2. We cannot agree with the contention of appellant's pleader that Section 2451 of the Civil Procedure Code is a bar to the amendment. That section is, in our opinion, analogous to the provisions of Section 53, which directs the Court to return plaints before filing for amendment in certain particulars. It does not, therefore, take away the power of the Court under Section 647,2 by analogy to Section 533 to amend the application for execution at any time before disposal.

3. The next contention is that the amendment ought not to be allowed, because at the date it was applied for the right to profits for some of the faslis--the subject of the original application--was barred. No doubt the ordinary rule is that an amendment should be allowed only if it can be without prejudice to the rights of the opposite parties as existing at the time of the application for amendment. But this principle is to be applied with reference to the special circumstances of each case. See Weldon v. Neal L.R. 19 Q.B.D. 395 In the present case we are of opinion that there are peculiar circumstances which take it out of the ordinary rule. The object of the application was perfectly clear, although there was an error in the reference to the decree, an error not unnatural, considering the complicated nature of the previous proceedings. We also observe that even execution for Fasli 1295 to which respondent was clearly entitled on his application as it stood, was not granted by the Subordinate Judge. Four objection petitions were presented by appellants, and it was not until the last of them was presented, nearly a year after the application for execution was first made, that the present objection was taken. We are of opinion that the general principle laid down by the Privy Council in Bissessur Lall Sakoo v. Maharaja Luchmessur Singh L.R. 6 IndAp 233 should be followed unless its application is precluded by express provisions of the Legislature. Looking, therefore, at the substance of the application and the prior proceedings which are of a complicated character, we think that the decision of the District Judge was right, and we dismiss this appeal, but under the circumstances each party will bear his own costs.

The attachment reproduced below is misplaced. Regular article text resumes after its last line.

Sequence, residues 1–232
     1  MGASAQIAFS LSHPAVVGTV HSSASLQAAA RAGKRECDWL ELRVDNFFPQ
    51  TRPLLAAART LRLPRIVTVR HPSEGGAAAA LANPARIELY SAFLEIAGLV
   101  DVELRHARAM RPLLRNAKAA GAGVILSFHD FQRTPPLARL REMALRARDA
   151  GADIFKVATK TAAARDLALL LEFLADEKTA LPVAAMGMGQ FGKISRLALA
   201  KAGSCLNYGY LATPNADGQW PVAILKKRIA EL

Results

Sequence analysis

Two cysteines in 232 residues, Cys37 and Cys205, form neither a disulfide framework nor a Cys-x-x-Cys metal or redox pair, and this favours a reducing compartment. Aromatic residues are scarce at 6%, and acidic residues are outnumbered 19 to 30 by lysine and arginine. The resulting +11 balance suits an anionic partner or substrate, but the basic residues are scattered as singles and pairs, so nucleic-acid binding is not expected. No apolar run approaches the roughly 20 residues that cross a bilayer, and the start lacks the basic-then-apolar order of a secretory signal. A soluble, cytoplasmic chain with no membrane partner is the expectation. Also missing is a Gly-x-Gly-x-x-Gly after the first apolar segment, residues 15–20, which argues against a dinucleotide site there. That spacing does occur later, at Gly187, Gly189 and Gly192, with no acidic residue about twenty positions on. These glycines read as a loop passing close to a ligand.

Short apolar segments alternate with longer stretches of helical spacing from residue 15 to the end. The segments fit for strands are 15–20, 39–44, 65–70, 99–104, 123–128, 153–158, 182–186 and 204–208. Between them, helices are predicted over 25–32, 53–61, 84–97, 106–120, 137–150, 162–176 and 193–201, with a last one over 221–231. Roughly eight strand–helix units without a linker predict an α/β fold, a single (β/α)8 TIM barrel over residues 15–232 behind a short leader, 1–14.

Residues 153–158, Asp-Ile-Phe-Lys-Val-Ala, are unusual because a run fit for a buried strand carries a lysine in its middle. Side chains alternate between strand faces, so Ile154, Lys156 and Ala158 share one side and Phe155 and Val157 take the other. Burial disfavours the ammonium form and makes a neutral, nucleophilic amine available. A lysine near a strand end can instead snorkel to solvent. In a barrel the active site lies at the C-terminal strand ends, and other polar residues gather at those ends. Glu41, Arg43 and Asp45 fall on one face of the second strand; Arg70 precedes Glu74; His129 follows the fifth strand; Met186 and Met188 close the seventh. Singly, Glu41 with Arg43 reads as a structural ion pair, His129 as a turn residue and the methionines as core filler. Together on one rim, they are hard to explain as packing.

1. [Section 245: The Court, on receiving an application for the execution of a decree, shall

ascertain whether such of the requirements of Sections 235,

Procedure on receiving 236, 237 and 288 as may be applicable to the case have been